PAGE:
Kitchens are going au naturel… The homely aesthetic of a country cottage, with a warm wooden kitchen, hand-painted in rose pink or cream, will always hold a certain draw. However, wood can be used to craft a vast variety of looks, from the very traditional, to Scandinavian-style neutrality, to daring, contemporary schemes.
These cutting-edge designs explore the notion of taking wooden kitchens back to nature – they’re full of character, charm and natural beauty. It’s all about the tactile, earthy elements. “Wood can entirely re-invent a kitchen,” said custom furniture and architectural features designer, John Houshmand of New York. “From live edge countertops and sculpted elements, to tactile shelving and panelling. In collaboration with Nicole Hollis, we once even built an enormous 40 foot dining table with an engineered tree trunk of the same size running centrally through the entire structure – it was monumental.”
“The natural patterns and tactile nature of wood, will add a multitude of visual dimensions to your kitchen space – it’s a perfect choice,” he added. Unlike most materials used in the kitchen, raw and reclaimed woods won’t appear ‘perfect’, but instead hold a rustic and quirky edge that is unique to the material.
“If you use old retrieved wood you need to be aware that it might stain. But this is also part of the charm,” said Rob Landeweerd, designer and managing director of design company, Special Umbria. A reclaimed wood worktop could absorb stains from cooking, prep, even the accidental rings from a glass. Usually these incidences are considered inconvenient; but imagine the beautiful aged aesthetic these ‘stains’ will produce when combined with the marks and discolouring gained from its original home. Not only will your worktop exude rustic charm, but it will also tell a story. Though, equally, finding the correct finish for your wooden kitchen is integral; it will affect both the durability of the material and the aesthetic, equally. Opting for a simple, practical and transparent coating will allow the natural knots and graining to show through; giving a gorgeous rough luxe appeal.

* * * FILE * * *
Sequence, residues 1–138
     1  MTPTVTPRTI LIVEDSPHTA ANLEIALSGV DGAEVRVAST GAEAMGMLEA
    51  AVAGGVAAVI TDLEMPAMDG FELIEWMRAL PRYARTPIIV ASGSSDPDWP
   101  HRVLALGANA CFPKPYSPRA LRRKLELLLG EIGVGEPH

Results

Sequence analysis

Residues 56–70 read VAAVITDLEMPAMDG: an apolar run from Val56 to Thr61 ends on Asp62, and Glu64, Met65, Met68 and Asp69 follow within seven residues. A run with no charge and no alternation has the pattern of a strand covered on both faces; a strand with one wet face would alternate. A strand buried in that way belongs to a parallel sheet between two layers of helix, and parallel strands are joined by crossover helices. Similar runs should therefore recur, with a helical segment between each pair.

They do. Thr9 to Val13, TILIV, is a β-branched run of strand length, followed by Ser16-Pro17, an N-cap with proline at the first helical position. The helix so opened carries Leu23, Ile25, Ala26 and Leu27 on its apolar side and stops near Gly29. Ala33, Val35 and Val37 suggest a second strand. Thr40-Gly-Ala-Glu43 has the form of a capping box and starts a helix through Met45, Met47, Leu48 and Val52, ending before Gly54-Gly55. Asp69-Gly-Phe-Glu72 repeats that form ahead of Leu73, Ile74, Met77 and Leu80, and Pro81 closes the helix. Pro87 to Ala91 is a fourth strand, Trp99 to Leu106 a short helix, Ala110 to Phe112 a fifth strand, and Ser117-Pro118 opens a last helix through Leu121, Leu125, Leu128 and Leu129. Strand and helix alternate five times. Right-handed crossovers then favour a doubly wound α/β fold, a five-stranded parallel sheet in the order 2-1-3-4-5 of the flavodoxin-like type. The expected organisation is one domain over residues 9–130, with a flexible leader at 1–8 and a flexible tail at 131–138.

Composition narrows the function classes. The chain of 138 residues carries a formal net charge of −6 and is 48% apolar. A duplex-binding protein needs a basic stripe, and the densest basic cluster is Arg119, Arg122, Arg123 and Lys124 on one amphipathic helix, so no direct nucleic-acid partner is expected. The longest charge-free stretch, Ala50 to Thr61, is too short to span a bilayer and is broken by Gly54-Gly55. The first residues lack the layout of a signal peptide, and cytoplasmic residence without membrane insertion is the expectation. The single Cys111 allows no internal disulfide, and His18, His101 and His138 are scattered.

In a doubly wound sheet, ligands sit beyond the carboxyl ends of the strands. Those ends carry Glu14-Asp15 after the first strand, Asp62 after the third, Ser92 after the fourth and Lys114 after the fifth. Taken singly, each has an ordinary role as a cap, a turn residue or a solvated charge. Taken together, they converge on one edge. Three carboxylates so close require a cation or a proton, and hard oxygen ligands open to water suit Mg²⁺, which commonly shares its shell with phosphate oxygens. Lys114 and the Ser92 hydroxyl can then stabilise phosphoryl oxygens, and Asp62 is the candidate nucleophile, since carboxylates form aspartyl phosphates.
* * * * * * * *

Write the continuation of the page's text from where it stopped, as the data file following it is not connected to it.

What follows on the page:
Finally, placement (as always) is integral. The difference in aesthetic between a kitchen with a large tree trunk acting as the central island, will differ dramatically from a scheme with reclaimed wood cabinetry and stark surroundings. Also, consider how much light the material will receive – a mass influx of natural light will mean darker wood is an option, but light will also affect how wood wears – years bathed in a mass of sunlight can easily bleach and age the wood.
With a natural material like wood, there are a multitude of practical considerations, but the important thing is not to forget the primary element of these designs: fun! Character, quirkiness and originality are packed into every inch of these spaces.Special Umbria | specialumbria.com